Please note: due to the recent Covid-19 outbreak the Centre is currently closed, but our website is still open for business.


'The Young Mussel-Gatherers', by William Marshall Brown

‘The Young Mussel-Gatherers’, by William Marshall Brown

East Lothian has always been rich in natural resources. For thousands of years people have relied on the harvests from the land and sea to sustain and support them. In more recent times, we’ve also found wealth under the ground, with mining becoming a major industry in 19th and 20th centuries.

In the exhibition at the John Gray Centre you can explore the history of East Lothian’s people through their work and lives, farming, fishing, mining and trading.

We will gradually write up more about how the people of East Lothian have lived and worked over the years, starting with our first short article, about the Friendly Societies.

If you would like to suggest a topic to write about here, simply leave a comment below. Or if you’d like to contribute a short article, or a story from your family, town or business, email us or go to Your Stories.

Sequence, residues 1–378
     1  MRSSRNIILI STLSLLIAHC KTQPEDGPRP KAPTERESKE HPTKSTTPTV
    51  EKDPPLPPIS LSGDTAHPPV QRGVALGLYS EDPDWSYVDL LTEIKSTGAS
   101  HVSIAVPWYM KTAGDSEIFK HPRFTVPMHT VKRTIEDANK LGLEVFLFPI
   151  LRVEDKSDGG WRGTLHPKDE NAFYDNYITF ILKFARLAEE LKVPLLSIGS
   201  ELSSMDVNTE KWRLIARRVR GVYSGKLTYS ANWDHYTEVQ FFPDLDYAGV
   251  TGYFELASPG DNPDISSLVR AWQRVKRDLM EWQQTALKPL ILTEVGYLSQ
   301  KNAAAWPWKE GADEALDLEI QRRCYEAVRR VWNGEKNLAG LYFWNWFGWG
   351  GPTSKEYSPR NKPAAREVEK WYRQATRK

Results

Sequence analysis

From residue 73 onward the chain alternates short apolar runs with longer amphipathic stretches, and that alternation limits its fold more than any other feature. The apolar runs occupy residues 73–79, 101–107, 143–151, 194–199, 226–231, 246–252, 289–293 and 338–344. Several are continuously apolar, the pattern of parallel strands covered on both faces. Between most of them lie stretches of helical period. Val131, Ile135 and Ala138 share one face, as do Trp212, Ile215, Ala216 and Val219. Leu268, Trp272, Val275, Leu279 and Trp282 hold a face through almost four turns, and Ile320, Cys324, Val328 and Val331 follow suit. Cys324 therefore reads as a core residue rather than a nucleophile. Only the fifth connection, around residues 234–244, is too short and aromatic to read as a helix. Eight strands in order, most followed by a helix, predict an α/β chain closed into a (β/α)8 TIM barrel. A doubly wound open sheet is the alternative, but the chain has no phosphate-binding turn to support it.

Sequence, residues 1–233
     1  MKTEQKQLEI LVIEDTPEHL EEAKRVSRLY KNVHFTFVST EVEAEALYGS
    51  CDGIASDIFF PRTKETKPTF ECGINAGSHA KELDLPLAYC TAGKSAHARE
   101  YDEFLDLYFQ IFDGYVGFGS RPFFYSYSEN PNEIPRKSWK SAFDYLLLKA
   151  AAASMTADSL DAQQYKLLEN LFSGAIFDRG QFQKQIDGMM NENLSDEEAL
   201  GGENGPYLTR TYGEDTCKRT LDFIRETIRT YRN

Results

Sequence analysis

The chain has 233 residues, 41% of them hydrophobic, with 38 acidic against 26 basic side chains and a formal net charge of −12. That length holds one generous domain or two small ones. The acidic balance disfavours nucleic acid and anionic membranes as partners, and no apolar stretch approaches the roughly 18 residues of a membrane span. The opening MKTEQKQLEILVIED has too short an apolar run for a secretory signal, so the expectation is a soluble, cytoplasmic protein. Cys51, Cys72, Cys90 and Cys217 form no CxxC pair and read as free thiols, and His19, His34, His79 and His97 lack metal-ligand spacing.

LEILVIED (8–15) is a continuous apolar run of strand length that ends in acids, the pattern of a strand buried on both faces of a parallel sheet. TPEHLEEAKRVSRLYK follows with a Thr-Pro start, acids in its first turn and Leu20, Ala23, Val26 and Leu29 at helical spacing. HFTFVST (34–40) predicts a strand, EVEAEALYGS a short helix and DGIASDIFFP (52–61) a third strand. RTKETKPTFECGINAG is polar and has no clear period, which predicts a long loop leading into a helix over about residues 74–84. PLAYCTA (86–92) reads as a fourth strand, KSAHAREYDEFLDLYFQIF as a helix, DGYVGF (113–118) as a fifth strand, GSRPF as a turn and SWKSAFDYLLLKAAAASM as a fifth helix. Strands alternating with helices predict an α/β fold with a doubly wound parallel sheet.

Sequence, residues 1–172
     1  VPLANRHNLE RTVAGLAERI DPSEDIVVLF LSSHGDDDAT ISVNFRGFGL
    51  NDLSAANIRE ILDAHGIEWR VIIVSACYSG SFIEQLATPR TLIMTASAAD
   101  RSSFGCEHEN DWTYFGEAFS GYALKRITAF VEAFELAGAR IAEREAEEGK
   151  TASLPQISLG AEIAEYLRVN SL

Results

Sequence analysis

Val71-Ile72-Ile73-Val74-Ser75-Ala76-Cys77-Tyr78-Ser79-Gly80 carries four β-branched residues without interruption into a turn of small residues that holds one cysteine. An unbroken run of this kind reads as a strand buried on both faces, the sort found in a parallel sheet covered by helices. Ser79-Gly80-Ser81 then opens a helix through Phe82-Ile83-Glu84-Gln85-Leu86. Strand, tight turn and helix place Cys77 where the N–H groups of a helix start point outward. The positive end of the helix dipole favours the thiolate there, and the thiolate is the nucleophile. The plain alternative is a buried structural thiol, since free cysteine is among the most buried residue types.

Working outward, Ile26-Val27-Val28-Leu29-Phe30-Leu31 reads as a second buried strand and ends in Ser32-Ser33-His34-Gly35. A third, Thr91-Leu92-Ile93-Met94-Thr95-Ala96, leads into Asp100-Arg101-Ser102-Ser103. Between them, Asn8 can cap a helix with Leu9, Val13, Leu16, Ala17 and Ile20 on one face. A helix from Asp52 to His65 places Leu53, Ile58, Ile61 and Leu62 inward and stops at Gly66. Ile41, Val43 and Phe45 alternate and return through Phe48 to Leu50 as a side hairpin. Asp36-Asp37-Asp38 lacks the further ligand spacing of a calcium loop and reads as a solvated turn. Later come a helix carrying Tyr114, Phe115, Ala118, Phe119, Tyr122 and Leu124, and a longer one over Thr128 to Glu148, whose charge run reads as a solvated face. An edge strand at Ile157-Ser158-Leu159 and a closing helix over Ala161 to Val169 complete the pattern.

One thought on “Economy”

  1. Laurie Pettitt says:

    Salt production was very important. Prestonpans is named after the salt pans in which salt water was boiled to produce salt.
    Lime production from the burning of Limestone was popular and the Cement Works at Dunbar continues that long tradition.
    Many newspapers recently put banner headlines on paragraphs about Scots indentured to work in the Salt Pans at South Shields after the Battle of Dunbar. Just as the Scots from the Battle of Dunbar who could weave better than their English counterparts, so also were Scots better at Salt production than the English

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